To maximize speed, one must be able to apply maximum force in the ground in the shortest time possible (i.e. low ground contact time). Having one quality, but not the other will leave you coming up short in the speed department.

Maximizing these qualities comes from increasing stride length and stride frequency. Though these qualities simultaneously increase as max velocity is approached, each can be practiced independently.

Power skips are a great drill to improve stride length:

And to improve frequency, speed changes are great to incorporate:

Once these qualities are individually trained, true speed training begins by combining frequency and length.

Soft starts, starts that build momentum into reaching top speeds, are the primary tool incorporated into speed training. Falling starts, buildup runs, and flying starts fit into this category.

When coaching speed, relaxation is key. Thus, practice ought not focus on the times hit. If an athlete isn’t running well, and attempts to increase effort to run faster, the necessary relaxation for speed will not be achieved; leading to worsened performance.

When designing a speed training program, each run ought to incorporate a large amount of recovery. This allows for top speed to be reached with every rep. Derek recommends 1 minute for every 10 yards sprinted. If speed output is low (e.g. a beginner or early training phases), walk-back recoveries can be used.

Once you’ve done a legit speed session, recovery periods ought to be at or even over 48 hours pending the athlete’s capabilities.

Tempo Runs Explained

Tempo runs are used to build aerobic conditioning and promote recovery. They are form-oriented sprints performed at low speeds.

Tempo runs are programed by the following parameters:

  • Work:rest ratio of 1:1 or 1:2
  • Pace is 60-65% of best time
  • The first and last run should be at the same pace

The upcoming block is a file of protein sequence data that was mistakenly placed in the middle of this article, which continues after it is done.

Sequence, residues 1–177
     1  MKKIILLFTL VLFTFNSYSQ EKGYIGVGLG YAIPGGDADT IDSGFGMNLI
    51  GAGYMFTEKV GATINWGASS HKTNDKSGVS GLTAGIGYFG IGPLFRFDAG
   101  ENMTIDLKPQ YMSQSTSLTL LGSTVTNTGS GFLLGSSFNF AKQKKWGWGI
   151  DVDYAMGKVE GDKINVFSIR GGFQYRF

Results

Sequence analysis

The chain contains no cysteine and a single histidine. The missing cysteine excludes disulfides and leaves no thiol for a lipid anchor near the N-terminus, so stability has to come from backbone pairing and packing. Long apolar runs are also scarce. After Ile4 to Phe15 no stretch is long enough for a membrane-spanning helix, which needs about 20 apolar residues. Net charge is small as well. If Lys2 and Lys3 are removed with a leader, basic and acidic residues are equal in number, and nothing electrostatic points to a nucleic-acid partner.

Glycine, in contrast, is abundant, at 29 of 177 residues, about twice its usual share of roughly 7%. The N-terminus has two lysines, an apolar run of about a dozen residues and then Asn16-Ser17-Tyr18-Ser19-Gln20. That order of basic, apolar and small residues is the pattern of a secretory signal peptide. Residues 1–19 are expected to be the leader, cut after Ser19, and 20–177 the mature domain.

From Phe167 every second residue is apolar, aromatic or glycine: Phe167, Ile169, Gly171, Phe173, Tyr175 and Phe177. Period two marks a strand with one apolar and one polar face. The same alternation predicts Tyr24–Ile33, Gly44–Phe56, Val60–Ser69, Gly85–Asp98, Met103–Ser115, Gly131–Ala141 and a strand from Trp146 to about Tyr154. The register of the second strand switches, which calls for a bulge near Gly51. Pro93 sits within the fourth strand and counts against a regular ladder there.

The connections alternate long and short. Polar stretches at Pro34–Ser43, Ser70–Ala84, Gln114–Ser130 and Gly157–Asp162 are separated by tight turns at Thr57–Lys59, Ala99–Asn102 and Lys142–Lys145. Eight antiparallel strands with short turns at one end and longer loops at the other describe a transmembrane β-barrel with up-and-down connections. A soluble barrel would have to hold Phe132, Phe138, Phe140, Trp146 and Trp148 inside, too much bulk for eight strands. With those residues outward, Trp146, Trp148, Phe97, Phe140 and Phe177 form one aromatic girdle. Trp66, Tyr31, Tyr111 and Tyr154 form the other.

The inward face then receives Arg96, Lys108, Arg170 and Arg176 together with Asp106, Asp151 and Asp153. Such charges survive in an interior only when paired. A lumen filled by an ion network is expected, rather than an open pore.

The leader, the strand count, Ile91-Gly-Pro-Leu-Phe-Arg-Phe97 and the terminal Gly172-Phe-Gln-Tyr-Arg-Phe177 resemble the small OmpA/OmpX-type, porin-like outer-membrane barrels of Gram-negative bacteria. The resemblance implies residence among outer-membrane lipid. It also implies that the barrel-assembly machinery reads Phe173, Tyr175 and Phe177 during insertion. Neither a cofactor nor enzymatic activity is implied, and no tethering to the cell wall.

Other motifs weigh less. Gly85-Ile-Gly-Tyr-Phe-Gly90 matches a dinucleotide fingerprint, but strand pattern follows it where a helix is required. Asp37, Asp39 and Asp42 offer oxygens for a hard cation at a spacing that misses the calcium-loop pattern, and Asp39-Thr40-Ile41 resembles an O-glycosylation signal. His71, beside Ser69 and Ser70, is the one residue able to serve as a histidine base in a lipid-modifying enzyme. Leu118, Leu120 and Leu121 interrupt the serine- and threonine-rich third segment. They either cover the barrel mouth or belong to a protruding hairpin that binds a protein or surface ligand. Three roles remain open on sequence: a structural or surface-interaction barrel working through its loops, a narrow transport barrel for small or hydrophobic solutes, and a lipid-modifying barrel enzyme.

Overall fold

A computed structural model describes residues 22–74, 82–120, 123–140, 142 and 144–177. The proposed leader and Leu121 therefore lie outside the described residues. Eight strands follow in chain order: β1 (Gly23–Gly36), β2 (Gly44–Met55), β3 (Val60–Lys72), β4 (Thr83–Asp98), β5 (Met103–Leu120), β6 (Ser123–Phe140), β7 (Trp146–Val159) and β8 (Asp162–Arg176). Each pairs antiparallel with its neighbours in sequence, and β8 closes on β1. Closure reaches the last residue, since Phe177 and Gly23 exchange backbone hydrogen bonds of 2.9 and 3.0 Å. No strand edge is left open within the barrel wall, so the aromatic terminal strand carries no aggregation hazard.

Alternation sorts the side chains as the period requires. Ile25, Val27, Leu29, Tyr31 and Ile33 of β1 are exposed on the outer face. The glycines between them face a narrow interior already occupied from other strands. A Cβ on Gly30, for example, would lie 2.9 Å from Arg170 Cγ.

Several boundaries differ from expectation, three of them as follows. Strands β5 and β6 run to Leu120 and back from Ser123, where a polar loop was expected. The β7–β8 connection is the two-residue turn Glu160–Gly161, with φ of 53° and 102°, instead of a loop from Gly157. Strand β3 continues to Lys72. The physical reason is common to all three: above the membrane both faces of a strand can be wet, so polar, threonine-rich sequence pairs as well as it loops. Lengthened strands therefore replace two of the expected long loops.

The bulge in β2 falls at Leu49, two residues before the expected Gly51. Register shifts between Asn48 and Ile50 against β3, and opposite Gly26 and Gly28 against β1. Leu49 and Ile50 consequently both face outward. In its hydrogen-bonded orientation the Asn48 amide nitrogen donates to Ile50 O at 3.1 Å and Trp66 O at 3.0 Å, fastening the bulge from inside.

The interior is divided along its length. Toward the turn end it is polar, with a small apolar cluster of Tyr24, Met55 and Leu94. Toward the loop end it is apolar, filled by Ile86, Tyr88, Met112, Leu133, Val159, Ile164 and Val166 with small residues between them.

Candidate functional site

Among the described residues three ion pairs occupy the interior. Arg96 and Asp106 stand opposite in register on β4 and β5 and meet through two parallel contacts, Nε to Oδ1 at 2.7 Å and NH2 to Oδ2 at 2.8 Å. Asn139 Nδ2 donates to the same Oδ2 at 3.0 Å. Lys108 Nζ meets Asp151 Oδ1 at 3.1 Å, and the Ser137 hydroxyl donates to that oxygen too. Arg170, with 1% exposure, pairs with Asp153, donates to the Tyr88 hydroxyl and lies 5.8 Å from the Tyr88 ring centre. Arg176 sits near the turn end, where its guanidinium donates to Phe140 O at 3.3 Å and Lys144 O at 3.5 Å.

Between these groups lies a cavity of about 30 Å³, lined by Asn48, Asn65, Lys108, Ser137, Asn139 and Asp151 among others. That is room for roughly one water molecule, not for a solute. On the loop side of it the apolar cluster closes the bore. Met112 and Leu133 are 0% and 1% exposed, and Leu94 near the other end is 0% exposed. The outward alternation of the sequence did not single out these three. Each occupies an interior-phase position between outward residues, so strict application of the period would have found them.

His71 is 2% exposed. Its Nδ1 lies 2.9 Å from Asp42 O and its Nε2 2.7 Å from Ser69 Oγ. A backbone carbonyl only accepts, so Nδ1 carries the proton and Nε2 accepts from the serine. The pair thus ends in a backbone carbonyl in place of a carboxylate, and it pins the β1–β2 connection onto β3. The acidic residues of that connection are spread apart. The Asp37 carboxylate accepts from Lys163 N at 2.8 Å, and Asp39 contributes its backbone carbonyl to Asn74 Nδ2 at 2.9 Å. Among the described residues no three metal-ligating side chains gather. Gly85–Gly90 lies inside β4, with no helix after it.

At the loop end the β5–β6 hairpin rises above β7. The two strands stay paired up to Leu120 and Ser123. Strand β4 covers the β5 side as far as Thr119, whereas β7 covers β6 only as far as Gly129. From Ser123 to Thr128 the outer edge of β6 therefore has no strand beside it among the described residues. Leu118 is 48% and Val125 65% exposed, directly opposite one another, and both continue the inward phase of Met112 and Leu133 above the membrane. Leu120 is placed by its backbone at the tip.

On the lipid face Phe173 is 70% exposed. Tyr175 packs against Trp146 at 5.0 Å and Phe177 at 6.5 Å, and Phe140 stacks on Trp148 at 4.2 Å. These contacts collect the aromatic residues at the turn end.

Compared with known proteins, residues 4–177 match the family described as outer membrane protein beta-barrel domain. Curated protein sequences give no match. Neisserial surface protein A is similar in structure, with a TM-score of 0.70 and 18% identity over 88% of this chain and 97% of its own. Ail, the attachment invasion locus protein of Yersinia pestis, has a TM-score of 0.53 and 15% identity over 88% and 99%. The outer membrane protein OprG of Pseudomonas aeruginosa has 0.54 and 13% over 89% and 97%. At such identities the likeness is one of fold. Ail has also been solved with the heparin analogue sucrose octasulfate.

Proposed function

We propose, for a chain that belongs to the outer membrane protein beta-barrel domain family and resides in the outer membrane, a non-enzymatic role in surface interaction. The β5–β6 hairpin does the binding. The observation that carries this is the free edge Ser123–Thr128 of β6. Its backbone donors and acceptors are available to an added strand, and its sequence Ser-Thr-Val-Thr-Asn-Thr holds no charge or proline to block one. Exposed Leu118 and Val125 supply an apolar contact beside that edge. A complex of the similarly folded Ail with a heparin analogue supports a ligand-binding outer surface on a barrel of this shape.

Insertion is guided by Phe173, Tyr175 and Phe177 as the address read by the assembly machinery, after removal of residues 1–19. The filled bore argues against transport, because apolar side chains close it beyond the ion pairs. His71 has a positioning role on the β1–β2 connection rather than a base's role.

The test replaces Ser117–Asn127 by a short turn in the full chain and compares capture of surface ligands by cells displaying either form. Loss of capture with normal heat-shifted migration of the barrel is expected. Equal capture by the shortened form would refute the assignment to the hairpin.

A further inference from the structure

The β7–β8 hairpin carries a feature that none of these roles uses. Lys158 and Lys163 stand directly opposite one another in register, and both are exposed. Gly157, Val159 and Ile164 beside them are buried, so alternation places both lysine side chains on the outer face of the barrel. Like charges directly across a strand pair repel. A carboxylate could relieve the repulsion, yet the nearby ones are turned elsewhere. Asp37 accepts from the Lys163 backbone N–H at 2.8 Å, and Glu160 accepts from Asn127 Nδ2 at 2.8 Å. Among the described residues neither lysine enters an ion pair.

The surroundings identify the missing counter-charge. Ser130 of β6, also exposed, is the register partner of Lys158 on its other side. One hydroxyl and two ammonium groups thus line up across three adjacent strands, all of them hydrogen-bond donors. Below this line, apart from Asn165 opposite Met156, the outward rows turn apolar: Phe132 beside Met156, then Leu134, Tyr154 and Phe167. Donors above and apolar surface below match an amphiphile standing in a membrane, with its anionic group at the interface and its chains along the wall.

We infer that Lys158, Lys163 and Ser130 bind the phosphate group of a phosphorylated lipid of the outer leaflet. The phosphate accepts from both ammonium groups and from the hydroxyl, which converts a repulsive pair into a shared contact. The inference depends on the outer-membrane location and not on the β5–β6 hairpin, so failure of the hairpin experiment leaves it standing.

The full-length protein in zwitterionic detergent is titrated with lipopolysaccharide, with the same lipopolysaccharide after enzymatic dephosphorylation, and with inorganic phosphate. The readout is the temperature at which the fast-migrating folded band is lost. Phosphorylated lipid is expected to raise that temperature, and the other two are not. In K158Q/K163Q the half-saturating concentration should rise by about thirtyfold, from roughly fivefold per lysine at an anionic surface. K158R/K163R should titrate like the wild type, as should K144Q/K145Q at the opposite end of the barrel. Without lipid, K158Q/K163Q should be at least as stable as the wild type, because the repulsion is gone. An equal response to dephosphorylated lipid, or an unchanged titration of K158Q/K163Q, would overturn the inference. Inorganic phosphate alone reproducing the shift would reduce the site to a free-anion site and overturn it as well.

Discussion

• If performing these on a bike, 20s worth of running = 30-40seconds of biking

Derek programs these runs according to sport position. He gave us the following chart to ballpark how much tempo running each athlete should perform:

Per D-line Running back Receiver 100m sprinter Striker Midfielder
Session 1000m 1600m 1800m 2000m 3000m 4000+m
Week 300m 4800m 5400m 6600m 9600m 12000m
Run 50-100m 100m 100-200m 100-300m 100-300m 100-400m

 

 

Sum Up

These were a few of the many gems that I gleaned from Derek’s seminar. Again, if you have the chance to learn from this guy, I strongly encourage you to do so. Even if you do not work with many athletes, the coaching and cueing he uses can be effectively applied in everyday tasks; including gait.

To summarize:

  • Drills are used to build the skills necessary for sprinting
  • Force production and elasticity are key to running fast
  • Frontside mechanics fix many sprint form errors
  • Cue effective arm position to drive changes throughout the entire body
  • Use start positions that put the individual in angles that mimic ideal acceleration
  • Use soft starts to reach top speed more quickly
  • Prioritize recovery when training top speed
  • Tempo runs are an excellent for form maintenance and recovery

What tips and tricks do you have for coaching sprinting? Comment below and let us know.

Photo Credits

Lance Goyke

Wikipedia

Citizen59